BI Institute Publication
Central Bank Policy Mix
By Danny Hermawan
This journal explores corporate sustainability in the environmental, social and government sector, particularly in terms of influencing the cash holdings of non-financial companies in Muslim countries from 2003 to 2021. Through panel models, the research found that companies with low ESG (environmental, social and governance) scores actually held more cash. The research further revealed a negative correlation between ESG and cash holdings that was unaffected by the pandemic, especially in Muslim countries, such as Malaysia and Turkey.
In reality, most companies tend to ignore Corporate Social Responsibility (CSR) and ESG principles because they are viewed as a burden. After the 17 SDG's were ratified, however, companies began competing to develop ESG and increase awareness about ESG. Muslim countries have begun establishing a correlation between ESG and cash holdings. Despite country differences due to various cultural influences, based on a research sample of 1,600 companies from 11 Muslim countries in the period from 2003 to 2021, companies with lower ESG were found to hold more cash.
It is important to note that ESG factors, including the environment and water use, carbon emissions, and recycling, to social factors, such as the company's relationship with the community, and security factors for the employees are a form of corporate contribution to management governance. These ESG factors must be enforced because they affect investors, shareholders and stakeholders. This research uses the variable 'cash holdings', as a corporate asset, to review the correlation with ESG. Issues arose, however, relating to cash holdings, namely that managers often used cash holdings for personal gain. This is usually done by a manager in the absence of control mechanisms, leading to the misuse of business resources. Good governance is required in terms of cash holdings, therefore, to ensure that such assets are leveraged to increase corporate value.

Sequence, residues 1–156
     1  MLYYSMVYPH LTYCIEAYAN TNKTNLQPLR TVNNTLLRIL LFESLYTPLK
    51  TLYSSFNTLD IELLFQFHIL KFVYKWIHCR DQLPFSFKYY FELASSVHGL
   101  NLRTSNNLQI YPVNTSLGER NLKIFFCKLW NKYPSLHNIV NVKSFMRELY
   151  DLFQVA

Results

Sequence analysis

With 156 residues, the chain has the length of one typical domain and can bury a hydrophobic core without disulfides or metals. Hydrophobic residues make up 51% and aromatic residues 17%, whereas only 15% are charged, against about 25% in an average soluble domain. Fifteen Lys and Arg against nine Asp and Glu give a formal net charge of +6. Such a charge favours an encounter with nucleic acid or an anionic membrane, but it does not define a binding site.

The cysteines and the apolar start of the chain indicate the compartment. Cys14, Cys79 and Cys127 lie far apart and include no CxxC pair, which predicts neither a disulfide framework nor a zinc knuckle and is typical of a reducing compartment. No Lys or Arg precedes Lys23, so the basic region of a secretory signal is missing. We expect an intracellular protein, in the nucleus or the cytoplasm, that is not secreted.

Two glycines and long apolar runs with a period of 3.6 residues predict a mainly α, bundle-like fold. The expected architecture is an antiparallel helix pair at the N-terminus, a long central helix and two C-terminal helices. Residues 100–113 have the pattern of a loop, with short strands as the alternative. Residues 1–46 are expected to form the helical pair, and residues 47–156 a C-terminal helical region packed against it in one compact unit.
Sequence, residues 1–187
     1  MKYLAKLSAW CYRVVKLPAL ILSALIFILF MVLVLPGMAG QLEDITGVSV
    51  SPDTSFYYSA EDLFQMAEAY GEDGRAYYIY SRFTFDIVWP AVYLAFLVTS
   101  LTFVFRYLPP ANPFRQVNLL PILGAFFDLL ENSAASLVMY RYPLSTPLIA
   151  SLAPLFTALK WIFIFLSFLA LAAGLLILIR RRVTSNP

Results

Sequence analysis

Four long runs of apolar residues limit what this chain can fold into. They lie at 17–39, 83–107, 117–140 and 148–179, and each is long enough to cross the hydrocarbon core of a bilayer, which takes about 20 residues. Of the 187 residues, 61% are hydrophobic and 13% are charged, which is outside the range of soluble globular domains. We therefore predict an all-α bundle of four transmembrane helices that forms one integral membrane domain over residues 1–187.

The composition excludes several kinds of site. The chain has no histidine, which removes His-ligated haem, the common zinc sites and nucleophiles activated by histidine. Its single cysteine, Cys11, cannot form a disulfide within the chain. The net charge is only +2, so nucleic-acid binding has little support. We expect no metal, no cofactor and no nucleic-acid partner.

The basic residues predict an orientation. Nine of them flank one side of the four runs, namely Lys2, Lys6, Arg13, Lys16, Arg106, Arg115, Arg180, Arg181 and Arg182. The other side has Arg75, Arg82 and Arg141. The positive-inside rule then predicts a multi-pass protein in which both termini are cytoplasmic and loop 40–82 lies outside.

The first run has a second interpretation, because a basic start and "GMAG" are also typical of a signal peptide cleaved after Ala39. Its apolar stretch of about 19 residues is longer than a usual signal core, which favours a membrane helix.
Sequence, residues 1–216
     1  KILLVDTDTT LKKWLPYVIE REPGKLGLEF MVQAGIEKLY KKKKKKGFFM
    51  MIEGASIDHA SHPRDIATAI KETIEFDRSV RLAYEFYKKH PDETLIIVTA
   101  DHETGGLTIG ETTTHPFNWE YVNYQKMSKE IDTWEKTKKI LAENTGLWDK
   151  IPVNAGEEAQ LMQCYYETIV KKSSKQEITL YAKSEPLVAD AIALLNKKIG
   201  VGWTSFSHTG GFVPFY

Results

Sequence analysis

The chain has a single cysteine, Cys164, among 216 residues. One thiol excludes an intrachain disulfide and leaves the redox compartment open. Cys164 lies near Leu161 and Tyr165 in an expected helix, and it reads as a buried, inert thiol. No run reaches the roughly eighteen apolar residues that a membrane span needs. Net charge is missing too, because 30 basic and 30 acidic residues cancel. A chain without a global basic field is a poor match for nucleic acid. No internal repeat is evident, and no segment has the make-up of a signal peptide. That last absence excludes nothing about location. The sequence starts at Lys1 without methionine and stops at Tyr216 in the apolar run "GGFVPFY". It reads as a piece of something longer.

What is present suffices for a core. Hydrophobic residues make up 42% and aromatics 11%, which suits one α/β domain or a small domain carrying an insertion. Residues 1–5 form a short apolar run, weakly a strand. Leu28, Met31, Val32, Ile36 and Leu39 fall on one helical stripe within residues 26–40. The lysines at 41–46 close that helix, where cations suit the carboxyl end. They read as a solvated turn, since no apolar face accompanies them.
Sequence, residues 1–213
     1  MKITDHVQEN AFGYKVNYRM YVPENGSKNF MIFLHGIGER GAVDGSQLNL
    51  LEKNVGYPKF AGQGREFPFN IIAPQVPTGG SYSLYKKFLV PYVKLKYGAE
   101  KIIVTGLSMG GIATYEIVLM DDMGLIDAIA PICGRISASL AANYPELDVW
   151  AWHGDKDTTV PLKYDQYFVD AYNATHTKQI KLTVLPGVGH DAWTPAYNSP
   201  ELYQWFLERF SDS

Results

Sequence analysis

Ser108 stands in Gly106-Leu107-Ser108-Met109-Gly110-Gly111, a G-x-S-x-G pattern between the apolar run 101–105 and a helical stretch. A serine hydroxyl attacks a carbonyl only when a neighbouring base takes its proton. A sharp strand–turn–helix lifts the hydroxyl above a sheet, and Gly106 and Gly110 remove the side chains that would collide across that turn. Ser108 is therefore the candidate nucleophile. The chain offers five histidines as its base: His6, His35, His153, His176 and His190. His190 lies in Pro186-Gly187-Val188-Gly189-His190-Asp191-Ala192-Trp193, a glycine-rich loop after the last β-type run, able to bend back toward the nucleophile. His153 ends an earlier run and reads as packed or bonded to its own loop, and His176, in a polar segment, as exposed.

A company that actively invests in ESG activities will typically keep abreast of environmental change. The majority of companies, however, were found to have a negative correlation with ESG due to cash misuse issues. In Muslim countries, differences emerge through the influence of religion, politics, social aspects and business. This is because Muslim countries exhibit a low level of individuality. Furthermore, Muslim countries constantly try to prevent and minimise uncertainty in the rules, laws and policies because the business culture in Muslim countries is influenced by Islamic values. Consequently, ESG scores in Muslim countries will adjust to the various cultural differences.
The level of cash to ESG is usually influenced by cultural factors, such as individuality, anticipation of uncertainty, long-term orientation and masculinity. Such cultural influences subsequently impact cash holdings. This study, therefore, seeks to further examine the effect of ESG sustainability in Muslim countries on cash holdings during the Covid-19 pandemic.
To confirm the empirical data, this research applies a study model to explore the sustainability of Muslim companies against environmental, social, government and ESG scores to corporate cash holdings. The research variables were taken from companies based on the Thomson Reuters Datastream from 2003 to 2021 in 11 countries, namely Bahrain, Egypt, Indonesia, Kuwait, Malaysia, Morocco, Oman, Qatar, Saudi Arabia, Turkey and Arab countries. The variables were chosen using a comparative study to find which models were the most applicable for analysis.